Corn, or maize, is a grain with many different applications. Most commonly it is used for livestock fodder or industrial processing. Some varieties are good for storage and human consumption. Especially flour corn can be a useful addition to your food storage. It’s cheap and can be processed to corn flour. While it does bring some variety to your kitchen, I don’t keep much of it in my personal food storage though as it is not as commonly and cheaply available in Central Europe. This may be different if you are located in North America.

6 – Coconut Oil

Coconut oil is probably not something you would expect on a list of best foods for long-term storage. Bear with me for a minute though. Coconut oil is pure fat which means it has a ton of calories. It can be used for many different purposes in the kitchen. You can use it as a frying oil but also for baking and cooking. It contains many healthy fatty acids that are easy to digest and even have antibacterial properties. Put two big spoons of it in a bowl of oats and pour hot water over it and you have a meal!

Besides its application in the kitchen, you can also use it for making skin products or ointments. This makes it a valuable addition to any prepper pantry!

7 – Beans

You are maybe wondering why I’m only now listing beans. There are many different beans and dried, they can be stored nearly as long as grains. Many beans are very nutrient-rich and can make a great addition to meals. There is one big downside though. Like all legumes, beans contain also anti-nutrients and starchy fibers that can make them hard to digest. That’s why you should make sure that you tolerate them well before you store any kind of beans in bulk.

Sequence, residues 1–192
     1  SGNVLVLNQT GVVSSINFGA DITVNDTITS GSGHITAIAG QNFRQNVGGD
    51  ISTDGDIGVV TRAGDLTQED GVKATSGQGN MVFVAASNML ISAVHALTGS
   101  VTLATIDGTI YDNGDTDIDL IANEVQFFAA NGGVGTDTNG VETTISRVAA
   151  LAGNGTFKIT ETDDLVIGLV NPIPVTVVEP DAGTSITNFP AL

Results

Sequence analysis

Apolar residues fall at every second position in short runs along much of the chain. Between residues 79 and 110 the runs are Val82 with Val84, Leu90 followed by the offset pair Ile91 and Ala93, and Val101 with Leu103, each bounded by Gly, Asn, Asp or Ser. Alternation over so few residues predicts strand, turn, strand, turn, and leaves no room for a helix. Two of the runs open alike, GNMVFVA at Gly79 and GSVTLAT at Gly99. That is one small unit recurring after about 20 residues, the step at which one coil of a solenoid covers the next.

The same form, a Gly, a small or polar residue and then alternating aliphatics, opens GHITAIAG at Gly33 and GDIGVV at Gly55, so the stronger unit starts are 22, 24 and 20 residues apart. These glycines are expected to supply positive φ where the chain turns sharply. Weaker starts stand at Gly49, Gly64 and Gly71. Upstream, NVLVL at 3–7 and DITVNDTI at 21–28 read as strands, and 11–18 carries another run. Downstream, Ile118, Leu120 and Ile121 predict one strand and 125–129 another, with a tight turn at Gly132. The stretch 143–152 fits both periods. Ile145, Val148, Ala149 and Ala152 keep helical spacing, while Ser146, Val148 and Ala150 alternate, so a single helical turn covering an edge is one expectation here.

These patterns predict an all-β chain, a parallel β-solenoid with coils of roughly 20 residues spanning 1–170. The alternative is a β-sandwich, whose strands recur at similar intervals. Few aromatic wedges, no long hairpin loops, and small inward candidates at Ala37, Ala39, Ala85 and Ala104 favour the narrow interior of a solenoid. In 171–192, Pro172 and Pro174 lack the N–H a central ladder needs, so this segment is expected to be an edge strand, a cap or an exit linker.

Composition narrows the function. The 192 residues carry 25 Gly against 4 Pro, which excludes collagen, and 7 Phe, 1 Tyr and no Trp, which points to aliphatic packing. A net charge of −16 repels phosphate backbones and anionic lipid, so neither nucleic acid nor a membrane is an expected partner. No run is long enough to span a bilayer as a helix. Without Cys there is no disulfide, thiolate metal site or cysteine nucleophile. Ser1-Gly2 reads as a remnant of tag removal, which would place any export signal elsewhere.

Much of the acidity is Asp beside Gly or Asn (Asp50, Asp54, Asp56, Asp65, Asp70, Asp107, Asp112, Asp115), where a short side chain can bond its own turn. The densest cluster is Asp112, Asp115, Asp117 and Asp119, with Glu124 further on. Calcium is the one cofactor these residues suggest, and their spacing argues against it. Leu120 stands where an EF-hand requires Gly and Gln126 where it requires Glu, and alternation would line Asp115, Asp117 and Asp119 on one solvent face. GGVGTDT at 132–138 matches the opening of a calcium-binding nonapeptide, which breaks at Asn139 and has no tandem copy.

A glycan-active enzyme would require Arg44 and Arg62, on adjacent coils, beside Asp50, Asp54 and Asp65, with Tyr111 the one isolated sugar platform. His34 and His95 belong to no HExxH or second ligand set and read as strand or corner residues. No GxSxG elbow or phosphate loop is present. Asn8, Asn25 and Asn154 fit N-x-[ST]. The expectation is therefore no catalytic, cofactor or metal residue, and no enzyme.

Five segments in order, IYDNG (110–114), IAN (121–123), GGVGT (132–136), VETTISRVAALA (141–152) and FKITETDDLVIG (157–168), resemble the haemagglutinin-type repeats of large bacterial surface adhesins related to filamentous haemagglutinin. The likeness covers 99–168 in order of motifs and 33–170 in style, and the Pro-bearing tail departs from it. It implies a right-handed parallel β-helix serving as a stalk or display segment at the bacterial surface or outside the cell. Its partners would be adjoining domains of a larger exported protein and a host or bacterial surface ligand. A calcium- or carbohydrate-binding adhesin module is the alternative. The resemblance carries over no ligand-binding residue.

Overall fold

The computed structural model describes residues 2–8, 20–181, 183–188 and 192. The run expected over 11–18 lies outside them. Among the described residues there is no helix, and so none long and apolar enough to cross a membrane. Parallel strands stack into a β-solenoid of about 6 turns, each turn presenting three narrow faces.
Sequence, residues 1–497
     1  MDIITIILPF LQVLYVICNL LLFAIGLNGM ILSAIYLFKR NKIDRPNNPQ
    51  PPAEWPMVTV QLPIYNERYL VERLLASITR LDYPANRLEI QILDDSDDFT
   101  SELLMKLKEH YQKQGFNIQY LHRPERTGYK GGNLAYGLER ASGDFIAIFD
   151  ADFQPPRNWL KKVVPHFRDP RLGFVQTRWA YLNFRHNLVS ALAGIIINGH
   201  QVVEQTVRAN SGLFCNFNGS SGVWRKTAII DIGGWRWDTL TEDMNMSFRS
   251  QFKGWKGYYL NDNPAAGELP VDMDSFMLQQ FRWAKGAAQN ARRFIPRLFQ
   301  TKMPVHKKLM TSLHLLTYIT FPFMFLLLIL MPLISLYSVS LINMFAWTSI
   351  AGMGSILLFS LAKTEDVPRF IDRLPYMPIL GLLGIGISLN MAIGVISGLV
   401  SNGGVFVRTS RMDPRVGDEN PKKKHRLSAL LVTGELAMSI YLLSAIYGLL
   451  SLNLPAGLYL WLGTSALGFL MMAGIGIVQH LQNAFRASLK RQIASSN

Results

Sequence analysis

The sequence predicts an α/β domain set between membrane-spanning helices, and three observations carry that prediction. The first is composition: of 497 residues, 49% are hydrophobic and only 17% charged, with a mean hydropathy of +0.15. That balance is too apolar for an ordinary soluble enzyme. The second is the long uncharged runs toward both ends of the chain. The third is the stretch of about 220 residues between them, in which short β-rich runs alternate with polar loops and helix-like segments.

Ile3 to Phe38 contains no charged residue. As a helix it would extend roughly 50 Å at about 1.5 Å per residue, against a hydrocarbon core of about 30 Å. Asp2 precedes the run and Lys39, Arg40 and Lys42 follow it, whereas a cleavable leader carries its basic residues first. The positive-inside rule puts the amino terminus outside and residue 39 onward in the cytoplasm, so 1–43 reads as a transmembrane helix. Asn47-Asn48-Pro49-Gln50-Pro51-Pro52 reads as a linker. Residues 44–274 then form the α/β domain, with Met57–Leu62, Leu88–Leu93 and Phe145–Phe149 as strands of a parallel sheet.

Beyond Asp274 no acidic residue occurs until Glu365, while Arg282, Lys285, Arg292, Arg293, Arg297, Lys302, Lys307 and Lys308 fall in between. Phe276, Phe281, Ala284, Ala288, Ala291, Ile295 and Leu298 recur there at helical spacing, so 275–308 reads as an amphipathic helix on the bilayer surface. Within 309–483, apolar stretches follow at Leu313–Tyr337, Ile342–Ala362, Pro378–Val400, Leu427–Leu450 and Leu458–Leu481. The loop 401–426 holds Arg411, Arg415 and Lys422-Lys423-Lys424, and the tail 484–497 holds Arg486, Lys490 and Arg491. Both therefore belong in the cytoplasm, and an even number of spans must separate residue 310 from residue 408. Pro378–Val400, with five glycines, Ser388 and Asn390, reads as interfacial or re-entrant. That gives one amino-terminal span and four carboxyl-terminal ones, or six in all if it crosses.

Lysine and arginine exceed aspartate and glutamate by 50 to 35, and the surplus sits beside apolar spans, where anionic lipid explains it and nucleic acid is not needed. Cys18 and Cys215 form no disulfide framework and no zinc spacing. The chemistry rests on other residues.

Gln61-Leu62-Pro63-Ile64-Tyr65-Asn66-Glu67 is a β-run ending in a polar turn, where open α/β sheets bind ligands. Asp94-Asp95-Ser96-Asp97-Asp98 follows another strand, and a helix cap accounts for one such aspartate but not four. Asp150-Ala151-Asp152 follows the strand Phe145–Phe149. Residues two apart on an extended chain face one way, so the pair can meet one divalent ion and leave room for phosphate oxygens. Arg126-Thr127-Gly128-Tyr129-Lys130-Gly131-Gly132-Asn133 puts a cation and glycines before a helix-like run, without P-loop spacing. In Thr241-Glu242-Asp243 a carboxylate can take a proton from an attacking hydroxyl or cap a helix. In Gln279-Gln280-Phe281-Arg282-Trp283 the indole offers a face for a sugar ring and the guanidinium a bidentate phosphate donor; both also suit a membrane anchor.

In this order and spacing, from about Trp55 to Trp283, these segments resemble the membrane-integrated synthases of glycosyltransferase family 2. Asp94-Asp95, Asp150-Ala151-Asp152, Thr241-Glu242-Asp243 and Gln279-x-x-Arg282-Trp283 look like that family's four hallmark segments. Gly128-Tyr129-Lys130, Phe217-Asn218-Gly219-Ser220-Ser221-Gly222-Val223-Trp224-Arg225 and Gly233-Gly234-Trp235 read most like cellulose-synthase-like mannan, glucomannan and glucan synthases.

My recommendation would be to choose kidney or pinto beans. They contain a lot of protein and can help you cover your daily requirements.


Best ways of storing your food

All of the foods mentioned above can be stored for several years if kept in a dry, cool place or in an airtight container. Coconut oil is usually sold in jars that are perfectly sealed.
Simply implement a rotating system (which you should have in place anyway) and you can store many months’ worth of these foods without the risk of anything turning bad.

If you are looking to further extend your storage, you can put all the dry, raw foods into mylar bags and vacuum seal them with oxygen absorbers. Mylar bags are sturdy and remain 100% airtight over long periods of time. Stored this way, these foods will last you for decades. I absolutely recommend having an emergency food supply in mylar bags.

You can download our free Mylar Food Storage Guide below!

Start storing food now!

I said it before, but it cannot be said often enough: NOW is the time to start with your food storage. Extreme heatwaves in the Arctic disrupt the jet stream more and more often. This will only increase the risk of stationary weather patterns and extreme weather events like flooding, droughts, and wildfires. It is hard to stay optimistic when you follow the current events, so take my advice to heart. Start storing food while it’s cheap and plentiful!